Now, it is possible to experience your own magical encounter with a maiko for an evening, including an all-you-can-drink Kyoto course dinner, a traditional dance, interactive games, and one-on-one conversation and photographs with a maiko, at several locations around Kyoto. Yasakadori Enraku offers dinner with a maiko for approximately JPY 18,000 to 19,000 per person. Special menus like allergy-friendly, vegetarian, vegan, and halal are possible with advance notice.
After a warm welcome by the hosts / interpreters at Enchanted Time with Maiko, you are led to your table. As you begin eating dinner, your maiko for the evening gracefully enters the room and introduces herself before performing a traditional dance, followed by sitting and chatting with each table for about 5 to 10 minutes. Afterwards, she plays interactive games with the audience and poses for photographs. Our maiko Fukuya of Miyagawacho also gave each guest a small souvenir. Spending time with a maiko is something most visitors to Kyoto never experience, so Enchanted Time with Maiko will be a very special memory of your trip to Kyoto.
Uji has been home to some of Japan’s most prized tea fields for 800 years. The perfect growing conditions and advanced techniques earned Uji tea growers the patronage of some of feudal Japan’s most powerful warlords. Green tea, tea utensils, and the tea ceremony were imported from China along with the arrival of Zen Buddhism, but it took several more centuries for the Japanese tea ceremony to gain popularity and to resemble the one we know today.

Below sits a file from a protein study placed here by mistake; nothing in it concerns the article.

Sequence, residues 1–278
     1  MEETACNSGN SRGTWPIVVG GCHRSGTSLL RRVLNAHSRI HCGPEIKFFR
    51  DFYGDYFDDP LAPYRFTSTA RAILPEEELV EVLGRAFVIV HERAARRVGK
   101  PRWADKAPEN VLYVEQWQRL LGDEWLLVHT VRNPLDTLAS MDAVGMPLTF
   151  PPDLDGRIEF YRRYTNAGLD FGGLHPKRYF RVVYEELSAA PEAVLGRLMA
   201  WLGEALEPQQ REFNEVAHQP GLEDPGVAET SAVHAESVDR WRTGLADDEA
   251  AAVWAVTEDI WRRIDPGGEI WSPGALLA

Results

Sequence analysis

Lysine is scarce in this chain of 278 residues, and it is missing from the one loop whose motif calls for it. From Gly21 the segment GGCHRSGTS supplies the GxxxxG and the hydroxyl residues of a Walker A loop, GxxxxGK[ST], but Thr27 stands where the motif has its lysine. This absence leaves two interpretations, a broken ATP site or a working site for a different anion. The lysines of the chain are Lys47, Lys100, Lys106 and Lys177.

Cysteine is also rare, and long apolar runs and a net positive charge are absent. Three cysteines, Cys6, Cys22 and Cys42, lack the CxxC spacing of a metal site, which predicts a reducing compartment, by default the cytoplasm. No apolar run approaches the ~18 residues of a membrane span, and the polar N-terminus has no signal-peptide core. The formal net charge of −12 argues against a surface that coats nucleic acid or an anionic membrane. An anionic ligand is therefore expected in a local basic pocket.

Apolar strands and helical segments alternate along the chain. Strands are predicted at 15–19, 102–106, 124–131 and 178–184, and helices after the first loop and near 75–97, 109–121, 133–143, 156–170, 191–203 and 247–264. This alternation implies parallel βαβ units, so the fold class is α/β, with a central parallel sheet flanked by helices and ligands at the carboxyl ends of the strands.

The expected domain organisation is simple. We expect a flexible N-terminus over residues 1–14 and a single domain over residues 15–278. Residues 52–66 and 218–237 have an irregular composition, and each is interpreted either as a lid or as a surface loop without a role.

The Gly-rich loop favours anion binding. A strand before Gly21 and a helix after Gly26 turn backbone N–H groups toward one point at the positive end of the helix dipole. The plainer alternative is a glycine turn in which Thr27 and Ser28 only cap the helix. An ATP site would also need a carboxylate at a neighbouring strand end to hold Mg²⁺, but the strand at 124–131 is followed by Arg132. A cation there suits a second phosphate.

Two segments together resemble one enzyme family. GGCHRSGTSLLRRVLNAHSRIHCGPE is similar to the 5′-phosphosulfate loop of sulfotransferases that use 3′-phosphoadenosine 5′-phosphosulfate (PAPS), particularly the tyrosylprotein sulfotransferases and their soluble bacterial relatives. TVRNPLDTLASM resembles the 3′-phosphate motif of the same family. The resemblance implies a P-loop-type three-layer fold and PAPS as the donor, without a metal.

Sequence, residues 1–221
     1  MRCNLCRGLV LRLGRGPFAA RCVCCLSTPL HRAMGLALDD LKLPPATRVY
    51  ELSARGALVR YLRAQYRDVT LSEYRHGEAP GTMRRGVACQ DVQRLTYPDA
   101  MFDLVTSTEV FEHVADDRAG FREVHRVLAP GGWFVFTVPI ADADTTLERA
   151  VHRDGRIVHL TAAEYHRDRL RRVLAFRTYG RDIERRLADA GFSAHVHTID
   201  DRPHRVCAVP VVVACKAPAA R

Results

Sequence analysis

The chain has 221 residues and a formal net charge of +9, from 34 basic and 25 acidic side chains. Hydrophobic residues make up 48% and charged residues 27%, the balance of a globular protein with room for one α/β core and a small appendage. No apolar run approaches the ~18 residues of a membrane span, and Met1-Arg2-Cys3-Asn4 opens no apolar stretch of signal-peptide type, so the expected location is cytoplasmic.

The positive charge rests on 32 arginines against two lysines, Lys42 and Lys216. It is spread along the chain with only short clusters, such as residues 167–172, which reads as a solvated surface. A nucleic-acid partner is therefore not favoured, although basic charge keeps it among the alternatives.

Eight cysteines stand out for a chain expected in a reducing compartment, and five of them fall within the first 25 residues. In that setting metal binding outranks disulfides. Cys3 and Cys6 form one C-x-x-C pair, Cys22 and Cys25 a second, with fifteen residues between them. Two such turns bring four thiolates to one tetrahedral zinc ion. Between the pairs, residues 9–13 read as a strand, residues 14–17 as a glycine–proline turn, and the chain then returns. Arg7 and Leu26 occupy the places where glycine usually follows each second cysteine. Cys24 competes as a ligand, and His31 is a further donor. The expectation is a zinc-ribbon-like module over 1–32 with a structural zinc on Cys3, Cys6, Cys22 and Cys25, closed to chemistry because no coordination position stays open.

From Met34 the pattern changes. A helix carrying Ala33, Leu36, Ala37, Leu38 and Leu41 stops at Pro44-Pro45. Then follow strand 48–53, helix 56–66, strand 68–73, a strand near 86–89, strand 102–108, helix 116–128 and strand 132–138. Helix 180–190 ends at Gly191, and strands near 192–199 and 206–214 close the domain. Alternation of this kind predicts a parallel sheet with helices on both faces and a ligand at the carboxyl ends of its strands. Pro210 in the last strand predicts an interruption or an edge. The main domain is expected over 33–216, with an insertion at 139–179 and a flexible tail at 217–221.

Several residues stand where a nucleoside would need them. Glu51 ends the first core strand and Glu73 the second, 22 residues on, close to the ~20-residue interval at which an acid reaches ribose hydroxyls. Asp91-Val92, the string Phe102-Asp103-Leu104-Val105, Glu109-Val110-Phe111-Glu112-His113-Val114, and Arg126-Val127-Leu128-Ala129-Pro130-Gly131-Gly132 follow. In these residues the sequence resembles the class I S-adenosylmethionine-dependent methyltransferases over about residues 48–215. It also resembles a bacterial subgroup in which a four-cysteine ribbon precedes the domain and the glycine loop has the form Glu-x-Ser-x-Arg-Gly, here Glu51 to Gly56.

Known as chanoyu or sado, the Japanese tea ceremony is shaped in great part by Japanese Zen philosophy. There are dozens of schools of tea ceremony in Japan, but the main ones that most visitors will encounter, Urasenke and Omotesenke, are based upon the teachings of 16th–century tea master Sen no Rikyu.
The etiquette and philosophy of the tea ceremony has had a profound impact on Japanese culture, including cuisine, Japanese gardens, architecture, flower arrangement, ceramics and calligraphy.
On your visit to Uji and Kyoto, you can watch and even participate in your own tea ceremony at many locations, including Uji municipal teahouse Taihoan, Tea Ceremony En and Tea Ceremony Ju-An with advance reservations. You can even make or decorate your own tea bowl at the historical Asahi Pottery kiln in Uji at a one-day workshop for JPY 3850.
The unmistakable scent of roasting tea leaves will draw you in to Uji’s many tea shops and restaurants, where a sophisticated tea cuisine has developed using tea leaves and powder in new and surprising ways. In addition to green tea soba, ice cream, and cake, you’ll also find green tea gyoza, matcha-infused draft beer, and matcha tofu.
Besides Uji’s breathtaking Byodoin Temple, which is featured on the 10-yen coin, another worthy excursion in Uji is Obakusan Mampukuji. Mampukuji is the head temple of Obaku Zen Buddhism, which is heavily influenced by Chinese language, architecture, and cuisine and offers fucha ryori, Chinese-style Zen vegetarian cuisine, by reservation.
Kyoto is home to some of Japan’s most important temples. Many Zen temples feature stunning gardens that were created as the physical manifestation of years of mental training and Zen philosophy. Each element in the Zen garden has a purpose and deeper meaning.